The area is part of the Wildlife Sanctuary of Kubhalgarh. This wildlife sanctuary is the home of a rich wild life that includes wolf, leopards, sloth bear, hyena, jackal, jungle cat, sambhar, nilgai, chausingha (the four horned antelope), chunkara etc.
Riding horse without reins is new fad - Hindustan Times
Till 1545 when Sher Shah Suri died, Pratap's childhood was spent in Kumbhalgarh.
After 1545 when Udai Singh recovered Chittor, Pratap and his mother were called up in Chittor. Though he is said to have lived with his mother at a village just outside the fort. Anyway, thus his teenage was spent in and around Chittor.
When Akbar's Chittor campaign was to start in 1567, Udai Singh and part of the royal family (including Pratap) were evacuated to Udaipur/Gogunda, that the Rana had been building since 1559. Part of his youth (immediately after 1567) was hence spent in Udaipur, Gogunda.
Please clarify what you mean by Kumbhalgarh not belonging to Udai Singh's house.
Being the Maharana and the sovereign of Mewar, he would obviously be the lord of all forts including Kumbhalgarh.
The fort was built by Kumbha who was a Sisodia like Udai Singh.
This is true. However I would add there was a part about Maharana Pratap during my eight standard. The sad thing is over hyped men like Gandhiji and Nehru occupy a large portion of our textbooks while the real heroes like Netaji,Bagha Jotin,Khudiram Bose etc are hardly mentioned.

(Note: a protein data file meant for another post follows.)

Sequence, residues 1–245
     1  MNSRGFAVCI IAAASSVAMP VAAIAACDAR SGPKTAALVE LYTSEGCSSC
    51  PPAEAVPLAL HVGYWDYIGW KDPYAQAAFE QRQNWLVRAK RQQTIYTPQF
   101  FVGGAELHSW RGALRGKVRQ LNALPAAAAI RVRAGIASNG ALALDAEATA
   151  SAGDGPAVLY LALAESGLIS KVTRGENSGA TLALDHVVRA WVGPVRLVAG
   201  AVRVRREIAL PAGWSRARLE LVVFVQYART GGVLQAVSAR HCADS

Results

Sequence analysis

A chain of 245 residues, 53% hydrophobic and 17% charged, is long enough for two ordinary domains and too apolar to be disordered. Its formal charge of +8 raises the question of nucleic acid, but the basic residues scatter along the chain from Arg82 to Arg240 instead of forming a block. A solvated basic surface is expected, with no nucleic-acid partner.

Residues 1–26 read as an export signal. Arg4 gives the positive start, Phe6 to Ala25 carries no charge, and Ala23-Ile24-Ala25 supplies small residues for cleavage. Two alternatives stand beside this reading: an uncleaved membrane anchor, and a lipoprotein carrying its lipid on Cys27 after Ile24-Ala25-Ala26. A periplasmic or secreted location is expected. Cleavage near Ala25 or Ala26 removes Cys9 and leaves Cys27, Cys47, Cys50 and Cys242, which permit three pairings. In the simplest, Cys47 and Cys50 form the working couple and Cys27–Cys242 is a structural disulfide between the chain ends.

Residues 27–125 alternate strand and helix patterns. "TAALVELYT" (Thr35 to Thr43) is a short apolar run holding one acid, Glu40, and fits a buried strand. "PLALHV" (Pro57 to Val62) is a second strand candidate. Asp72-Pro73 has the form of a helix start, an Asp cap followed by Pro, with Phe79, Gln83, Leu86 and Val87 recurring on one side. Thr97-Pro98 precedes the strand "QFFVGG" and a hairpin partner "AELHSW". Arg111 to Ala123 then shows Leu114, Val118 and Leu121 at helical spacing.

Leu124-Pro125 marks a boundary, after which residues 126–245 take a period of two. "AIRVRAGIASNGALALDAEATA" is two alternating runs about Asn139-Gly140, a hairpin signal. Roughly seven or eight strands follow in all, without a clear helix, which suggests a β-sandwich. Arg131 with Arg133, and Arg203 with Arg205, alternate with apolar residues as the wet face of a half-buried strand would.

Hakim Khan Sur - Wikipedia, the free encyclopedia
The walls that never fell - The Hindu
In 1557, Uday Singh realized that Chittor was not a smart choice for a capital and started establishing Udaipur as capital. While Udaipur was under development, he resided at Kumbalgarh, leaving Chittor in the charge of two generals. Akbar promptly attacked, but found an abandoned capital. He then shifted his gaze to Kumbalgarh and Udaipur, but Uday Singh has chosen his location wisely and the narrow gorges and steep ravines made it impossible for the Mughal army to use all their strength and it was at the famous battle of Haldighati under Rana Pratap of Mewar that Mewar attained its unconquerable status.
Jehangir made truce with Mewar, in which Chittor was returned under the terms that it wouldn't be fortified and the Rana's son would visit the durbar in Delhi. This is where the young prince Karan Singh became friends with Prince Khurram. Aurangzeb believed in total subjugation and tried once again to bring Mewar to heel. And though his army, under Shabat Khan, pounded Kumbalgarh with their French cannons, the mighty fort with its massive wall did not fall.
Marxist historians have ignored Hakim Khan completely.
Hakim Khan would have known easily that Pratap would be outnumbered against the Mughal Empire, with or without his help.
Yet he decided to help Pratap which tells a lot about his perception and character. He wasn't just another opportunist chieftain.
But to say that Haldighati wasn't fought on religious lines is false.
How much communal Haldighati and its build up were, can easily be gauged by what Badayuni, an eye witness of the battle records.
Extracts from that have time and again been quoted here.